• Oil history journal articles by Dr. Trabish: Oil Stories and Histories
    • Review of OIL IN THEIR BLOOD, The Story of Our Addiction by Mark S. Friedman
    • "...ours is a culture of energy illiterates." (Paul Roberts, THE END OF OIL)
    • OIL IN THEIR BLOOD, a superb new historical fiction by Herman K. Trabish, addresses our energy illiteracy by putting the development of our addiction into a story about real people, giving readers a chance to think about how our addiction happened. Trabish's style is fine, straightforward storytelling and he tells his stories through his characters.
    • The book is the answer an oil family's matriarch gives to an interviewer who asks her to pass judgment on the industry. Like history itself, it is easier to tell stories about the oil industry than to judge it. She and Trabish let readers come to their own conclusions.
    • She begins by telling the story of her parents in post-Civil War western Pennsylvania, when oil became big business. This part of the story is like a John Ford western and its characters are classic American melodramatic heroes, heroines and villains.
    • In Part II, the matriarch tells the tragic story of the second generation and reveals how she came to be part of the tales. We see oil become an international commodity, traded on Wall Street and sought from London to Baku to Mesopotamia to Borneo. A baseball subplot compares the growth of the oil business to the growth of baseball, a fascinating reflection of our current president's personal career.
    • There is an unforgettable image near the center of the story: International oil entrepreneurs talk on a Baku street. This is Trabish at his best, portraying good men doing bad and bad men doing good, all laying plans for wealth and power in the muddy, oily alley of a tiny ancient town in the middle of everywhere. Because Part I was about triumphant American heroes, the tragedy here is entirely unexpected, despite Trabish's repeated allusions to other stories (Casey At The Bat, Hamlet) that do not end well.
    • In the final section, World War I looms. Baseball takes a back seat to early auto racing and oil-fueled modernity explodes. Love struggles with lust. A cavalry troop collides with an army truck. Here, Trabish has more than tragedy in mind. His lonely, confused young protagonist moves through the horrible destruction of the Romanian oilfields only to suffer worse and worse horrors, until--unexpectedly--he finds something, something a reviewer cannot reveal. Finally, the question of oil must be settled, so the oil industry comes back into the story in a way that is beyond good and bad, beyond melodrama and tragedy.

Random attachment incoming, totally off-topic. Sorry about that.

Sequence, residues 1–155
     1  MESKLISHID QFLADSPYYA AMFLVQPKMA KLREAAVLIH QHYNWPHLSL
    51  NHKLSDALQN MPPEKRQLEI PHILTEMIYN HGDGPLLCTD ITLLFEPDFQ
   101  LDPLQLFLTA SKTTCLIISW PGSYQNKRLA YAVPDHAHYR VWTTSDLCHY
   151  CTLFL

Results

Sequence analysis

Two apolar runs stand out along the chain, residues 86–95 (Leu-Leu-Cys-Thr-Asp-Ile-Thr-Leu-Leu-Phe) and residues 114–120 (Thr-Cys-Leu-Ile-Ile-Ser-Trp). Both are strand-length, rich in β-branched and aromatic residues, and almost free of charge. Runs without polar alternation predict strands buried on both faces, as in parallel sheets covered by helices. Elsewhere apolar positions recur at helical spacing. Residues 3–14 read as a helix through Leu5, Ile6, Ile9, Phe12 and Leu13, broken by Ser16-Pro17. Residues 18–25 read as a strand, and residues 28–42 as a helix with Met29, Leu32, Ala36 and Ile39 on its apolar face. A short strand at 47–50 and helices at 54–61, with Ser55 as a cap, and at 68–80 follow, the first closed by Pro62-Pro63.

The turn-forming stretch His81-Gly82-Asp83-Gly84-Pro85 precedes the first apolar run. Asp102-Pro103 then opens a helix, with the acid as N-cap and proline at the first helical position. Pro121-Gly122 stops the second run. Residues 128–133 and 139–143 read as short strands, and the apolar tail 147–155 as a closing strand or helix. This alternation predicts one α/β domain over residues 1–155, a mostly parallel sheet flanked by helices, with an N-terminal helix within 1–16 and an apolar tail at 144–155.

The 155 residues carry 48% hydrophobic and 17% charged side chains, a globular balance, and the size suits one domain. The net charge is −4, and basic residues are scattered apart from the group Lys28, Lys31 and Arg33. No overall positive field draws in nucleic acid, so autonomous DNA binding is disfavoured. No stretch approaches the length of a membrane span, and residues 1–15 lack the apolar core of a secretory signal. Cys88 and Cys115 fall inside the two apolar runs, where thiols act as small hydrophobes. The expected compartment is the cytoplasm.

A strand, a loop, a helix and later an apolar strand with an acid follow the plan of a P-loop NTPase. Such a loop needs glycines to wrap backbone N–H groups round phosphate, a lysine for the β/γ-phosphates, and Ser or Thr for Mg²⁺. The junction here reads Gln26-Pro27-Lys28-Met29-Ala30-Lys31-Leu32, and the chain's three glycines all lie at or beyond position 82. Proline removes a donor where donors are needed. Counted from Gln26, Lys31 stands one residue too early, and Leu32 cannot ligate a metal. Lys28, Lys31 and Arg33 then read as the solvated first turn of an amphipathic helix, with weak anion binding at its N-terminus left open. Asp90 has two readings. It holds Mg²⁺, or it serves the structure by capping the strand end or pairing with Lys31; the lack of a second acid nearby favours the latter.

• Along the way, Trabish gives readers a greater awareness of oil and how we became addicted to it. Awareness, Paul Roberts said in THE END OF OIL, "...may be the first tentative step toward building a more sustainable energy economy. Or it may simply mean that when our energy system does begin to fail, and we begin to lose everything that energy once supplied, we won't be so surprised."
    • Oil history journal articles by Dr. Trabish: Oil Stories and Histories
    • My Photo
      Location: Agua Dulce, CA

      *Doctor with my hands *Author of the "OIL IN THEIR BLOOD" series with my head *Student of New Energy with my heart






      Pay a visit to the HARRY BOYKOFF page at Basketball Reference, sponsored by NewEnergyNews and Oil In Their Blood.

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    • NewEnergyNews


      The Plunging Cost of Renewables and Boulder's Energy Future

      Anne B. Butterfield
      April 19, 2011 (Huffington Post)

      The talking point about the high cost of renewable energy has become a litany for the fossil fuel crowd. Keeping up with the sacred devotion, Rep. Kathleen Conti, R-Littleton, just introduced a bill to provide more oversight on utility rates increases, particularly with what she calls the number one driver of higher utility bills -- renewable energy.

      "Renewables are driving the costs up, and the more we demand from renewables, the more costs will go up," said Conti, according to Colorado News Agency. "People are struggling with their power rates, especially those that are unemployed."